Thursday, August 7, 2008

The Crevice Cave of Diiisssspaaaaiiir

December 29, 2004, a nice day. Cold, but not bitter. The day before my birthday. A depressing day, but not in the birthday fashion. More like wondering whether I cared about existing: in the thoughts of Calvin from "Calvin and Hobbes", an infinitesimal speck on an infinitesimal speck in relation to the universe. I rather came to the conclusion that I didn't care, and with this glowing thought in mind, I decided to find the answer to a question which had nothing to do with depression or existence: the temperature of a reasonably deep cave in late December. That said, my frame of mind definitely helped.

I already knew that deep caves aren't much affected by outside temperatures. After all, that's the basic principle of geothermal heating and cooling. However, I had never physically experienced this myself. Too much theory without experience becomes assumption without authority, so it seemed high time to add some bite to my bark.

Here's the thing. I'm no doofus. (Yeah, yeah, peanut gallery.) I well know the dangers of climbing, and in particular, I'm aware of the danger of climbing in a cave...alone...without rope...with only one flashlight. Remember the frame of mind. The only particularly clever thing that I did was calling a friend and leaving a message on the machine saying that I was hiking to these crevices to explore, but there are quite a few of them.

- Trusty AA MagLite with headstrap -- check.
- Extra batteries -- check.
- Extra bulb in base -- check. (Hey, I've successfully swapped bulbs after dark in the middle of a forest, but that's still not complete dark.)
- Proper clothing and shoes -- check.
- A bit of water and food for backpack -- check.

Hiking to the caves was awesome. It was such a nice day. Peaceful, no goofy kids whooping it up, light snow, pretty much a winter wonderland. I had been into several of these caves before, but that was with a group of primarily inexperienced climbers, and not many of them relished the thought of crawling underground. I already had my cave in mind. It was the one which had seemed most promising before, but nobody had wanted to keep going with me.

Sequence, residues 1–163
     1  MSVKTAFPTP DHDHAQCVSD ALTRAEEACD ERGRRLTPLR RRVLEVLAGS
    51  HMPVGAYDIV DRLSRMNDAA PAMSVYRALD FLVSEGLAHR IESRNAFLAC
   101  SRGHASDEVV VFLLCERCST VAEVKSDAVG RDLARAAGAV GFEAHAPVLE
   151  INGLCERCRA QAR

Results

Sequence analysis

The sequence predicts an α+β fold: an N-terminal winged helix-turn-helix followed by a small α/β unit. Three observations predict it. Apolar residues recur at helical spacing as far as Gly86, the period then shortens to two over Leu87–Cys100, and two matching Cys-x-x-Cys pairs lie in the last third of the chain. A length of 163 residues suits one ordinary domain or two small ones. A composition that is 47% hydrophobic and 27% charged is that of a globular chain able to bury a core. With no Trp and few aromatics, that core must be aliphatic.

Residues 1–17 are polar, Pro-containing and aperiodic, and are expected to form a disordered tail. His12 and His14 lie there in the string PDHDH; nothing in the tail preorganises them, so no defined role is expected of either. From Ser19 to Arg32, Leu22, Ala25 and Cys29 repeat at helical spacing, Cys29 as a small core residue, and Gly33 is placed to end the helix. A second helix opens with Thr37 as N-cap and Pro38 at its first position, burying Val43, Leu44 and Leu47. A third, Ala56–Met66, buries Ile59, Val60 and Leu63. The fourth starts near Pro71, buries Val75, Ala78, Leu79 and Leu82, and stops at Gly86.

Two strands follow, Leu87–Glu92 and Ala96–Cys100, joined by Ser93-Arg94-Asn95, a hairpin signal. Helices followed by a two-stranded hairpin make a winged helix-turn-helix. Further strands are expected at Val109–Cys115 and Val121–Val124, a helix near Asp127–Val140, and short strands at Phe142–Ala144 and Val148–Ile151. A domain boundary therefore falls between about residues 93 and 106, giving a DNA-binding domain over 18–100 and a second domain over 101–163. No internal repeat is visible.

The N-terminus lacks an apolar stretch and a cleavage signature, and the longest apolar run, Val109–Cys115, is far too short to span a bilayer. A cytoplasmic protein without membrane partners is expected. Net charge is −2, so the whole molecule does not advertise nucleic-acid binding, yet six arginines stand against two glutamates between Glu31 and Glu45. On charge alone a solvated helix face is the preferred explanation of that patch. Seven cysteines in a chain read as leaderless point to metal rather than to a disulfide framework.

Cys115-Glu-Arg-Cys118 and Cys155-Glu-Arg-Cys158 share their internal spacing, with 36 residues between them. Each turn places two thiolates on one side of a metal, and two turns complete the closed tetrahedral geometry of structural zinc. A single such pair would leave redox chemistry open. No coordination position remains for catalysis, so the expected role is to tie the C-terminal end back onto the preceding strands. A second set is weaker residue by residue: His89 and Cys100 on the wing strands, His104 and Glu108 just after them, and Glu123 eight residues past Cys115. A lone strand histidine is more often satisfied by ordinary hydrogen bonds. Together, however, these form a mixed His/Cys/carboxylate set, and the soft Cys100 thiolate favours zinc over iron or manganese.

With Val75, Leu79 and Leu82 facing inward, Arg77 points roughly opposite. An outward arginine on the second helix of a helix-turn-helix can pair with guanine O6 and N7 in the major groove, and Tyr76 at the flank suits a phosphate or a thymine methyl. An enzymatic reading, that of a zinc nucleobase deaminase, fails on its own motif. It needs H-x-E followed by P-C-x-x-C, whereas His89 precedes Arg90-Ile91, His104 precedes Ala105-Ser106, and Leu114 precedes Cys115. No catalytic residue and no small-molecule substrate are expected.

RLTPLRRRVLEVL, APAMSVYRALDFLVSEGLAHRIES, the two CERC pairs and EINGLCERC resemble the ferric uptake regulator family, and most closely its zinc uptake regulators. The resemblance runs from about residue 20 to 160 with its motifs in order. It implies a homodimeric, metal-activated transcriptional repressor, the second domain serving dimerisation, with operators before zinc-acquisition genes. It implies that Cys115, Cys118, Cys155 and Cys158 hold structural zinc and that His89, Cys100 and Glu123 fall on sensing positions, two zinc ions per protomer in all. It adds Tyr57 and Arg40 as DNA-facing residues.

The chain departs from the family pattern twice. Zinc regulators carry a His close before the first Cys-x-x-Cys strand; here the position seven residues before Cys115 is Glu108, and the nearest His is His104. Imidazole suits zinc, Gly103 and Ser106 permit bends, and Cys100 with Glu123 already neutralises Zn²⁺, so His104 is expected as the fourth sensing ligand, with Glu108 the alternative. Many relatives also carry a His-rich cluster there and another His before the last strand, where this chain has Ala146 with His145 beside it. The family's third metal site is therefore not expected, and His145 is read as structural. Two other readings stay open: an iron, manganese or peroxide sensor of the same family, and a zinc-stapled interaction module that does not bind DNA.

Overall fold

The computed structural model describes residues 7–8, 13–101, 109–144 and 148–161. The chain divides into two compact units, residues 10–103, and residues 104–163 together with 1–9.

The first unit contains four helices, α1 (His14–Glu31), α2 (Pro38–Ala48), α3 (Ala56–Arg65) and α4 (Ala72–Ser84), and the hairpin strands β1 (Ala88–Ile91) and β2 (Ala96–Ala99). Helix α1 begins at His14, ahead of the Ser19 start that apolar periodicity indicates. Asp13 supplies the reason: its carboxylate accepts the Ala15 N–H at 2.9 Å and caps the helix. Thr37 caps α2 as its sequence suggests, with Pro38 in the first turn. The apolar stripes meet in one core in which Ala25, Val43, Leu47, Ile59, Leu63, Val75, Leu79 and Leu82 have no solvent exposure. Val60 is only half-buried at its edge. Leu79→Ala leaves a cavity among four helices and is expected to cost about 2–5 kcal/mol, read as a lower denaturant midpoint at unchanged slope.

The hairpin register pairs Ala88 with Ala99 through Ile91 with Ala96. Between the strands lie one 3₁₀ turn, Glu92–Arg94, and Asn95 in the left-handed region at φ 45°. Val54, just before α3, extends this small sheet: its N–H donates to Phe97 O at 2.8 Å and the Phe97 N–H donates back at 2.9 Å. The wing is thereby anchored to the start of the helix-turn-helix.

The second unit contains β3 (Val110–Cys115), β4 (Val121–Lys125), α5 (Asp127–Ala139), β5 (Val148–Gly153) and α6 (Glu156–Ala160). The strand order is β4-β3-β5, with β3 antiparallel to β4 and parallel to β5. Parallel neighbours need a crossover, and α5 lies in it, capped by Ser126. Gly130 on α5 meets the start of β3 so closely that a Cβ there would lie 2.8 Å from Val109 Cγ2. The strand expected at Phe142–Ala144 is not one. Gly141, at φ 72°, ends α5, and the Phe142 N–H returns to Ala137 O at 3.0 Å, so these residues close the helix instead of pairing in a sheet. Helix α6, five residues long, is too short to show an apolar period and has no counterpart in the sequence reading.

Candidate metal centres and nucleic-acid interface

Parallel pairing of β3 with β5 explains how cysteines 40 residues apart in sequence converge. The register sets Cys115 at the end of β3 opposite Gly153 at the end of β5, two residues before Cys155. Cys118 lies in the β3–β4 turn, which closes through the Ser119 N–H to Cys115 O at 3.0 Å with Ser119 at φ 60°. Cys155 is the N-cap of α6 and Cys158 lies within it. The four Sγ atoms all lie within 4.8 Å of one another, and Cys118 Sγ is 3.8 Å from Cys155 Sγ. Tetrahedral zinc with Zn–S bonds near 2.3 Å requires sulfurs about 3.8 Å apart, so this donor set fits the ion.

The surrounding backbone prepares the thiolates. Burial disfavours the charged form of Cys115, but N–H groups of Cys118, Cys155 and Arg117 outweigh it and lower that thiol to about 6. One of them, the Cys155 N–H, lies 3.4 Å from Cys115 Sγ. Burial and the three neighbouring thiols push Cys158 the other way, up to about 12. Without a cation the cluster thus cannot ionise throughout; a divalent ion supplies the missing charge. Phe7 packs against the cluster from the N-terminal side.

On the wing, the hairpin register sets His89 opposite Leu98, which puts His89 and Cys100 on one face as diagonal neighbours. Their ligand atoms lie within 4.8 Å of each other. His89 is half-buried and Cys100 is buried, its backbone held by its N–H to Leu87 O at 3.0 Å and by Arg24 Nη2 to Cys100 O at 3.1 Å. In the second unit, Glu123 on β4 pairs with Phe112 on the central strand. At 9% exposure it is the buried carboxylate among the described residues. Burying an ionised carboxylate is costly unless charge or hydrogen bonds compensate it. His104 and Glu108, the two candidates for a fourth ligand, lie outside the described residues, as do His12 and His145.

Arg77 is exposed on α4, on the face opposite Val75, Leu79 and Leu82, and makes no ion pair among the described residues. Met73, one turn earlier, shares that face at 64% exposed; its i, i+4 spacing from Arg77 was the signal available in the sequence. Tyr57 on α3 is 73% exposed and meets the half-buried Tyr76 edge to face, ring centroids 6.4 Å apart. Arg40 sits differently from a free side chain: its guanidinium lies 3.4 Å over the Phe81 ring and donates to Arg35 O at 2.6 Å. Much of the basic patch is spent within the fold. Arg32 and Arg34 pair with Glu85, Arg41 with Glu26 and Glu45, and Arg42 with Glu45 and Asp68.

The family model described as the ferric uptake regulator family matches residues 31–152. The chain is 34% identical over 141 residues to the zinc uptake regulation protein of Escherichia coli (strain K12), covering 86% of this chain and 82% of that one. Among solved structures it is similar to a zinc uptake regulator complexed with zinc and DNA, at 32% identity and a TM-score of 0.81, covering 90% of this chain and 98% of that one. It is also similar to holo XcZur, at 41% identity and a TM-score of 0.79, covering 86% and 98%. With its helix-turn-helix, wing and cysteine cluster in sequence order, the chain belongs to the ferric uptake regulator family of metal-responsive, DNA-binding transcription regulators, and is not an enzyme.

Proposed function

Reaching the cliff which lead to the entrance, I climbed up and set my backpack in a safe corner where searching eyes wouldn't quickly see it. I again pondered the rope which dropped out of solid rock overhead and then disappeared into solid rock underneath. Apparently, the crevice had once been more spacious than it was now. I lowered myself into the darkness, switched on my faithful light, and headed down.

You can only walk for a few feet before you must drop down to a crawl and start making decisions. This isn't a tunnel, it's literally a crack with many adjoining cracks opening into it. Most of these are too small to explore, so it's not ridiculously crazy. Then again, I often had to squeeze myself through my chosen route, and I'm not a big guy.

I suddenly realized that I had gone in a big loop and was directly under the entrance, albeit separated by quite a bit of rock. The once free, but now tightly enclosed rope, was directly in front of me, disappearing into more rock. I kept climbing down, yada yada yada, until I climbed through a ceiling and dropped into an open area with holes in every wall. It was shaped such that if it wasn't for gravity, you would have no idea where up was. I chose wisely, and stuck my head into a really cool fissure. It had to be 25-35 feet high, was perhaps two feet wide, and had squeeze-through holes every four or five feet at my end. I popped out about three-fourths of the way up. At this point, I could hear running water.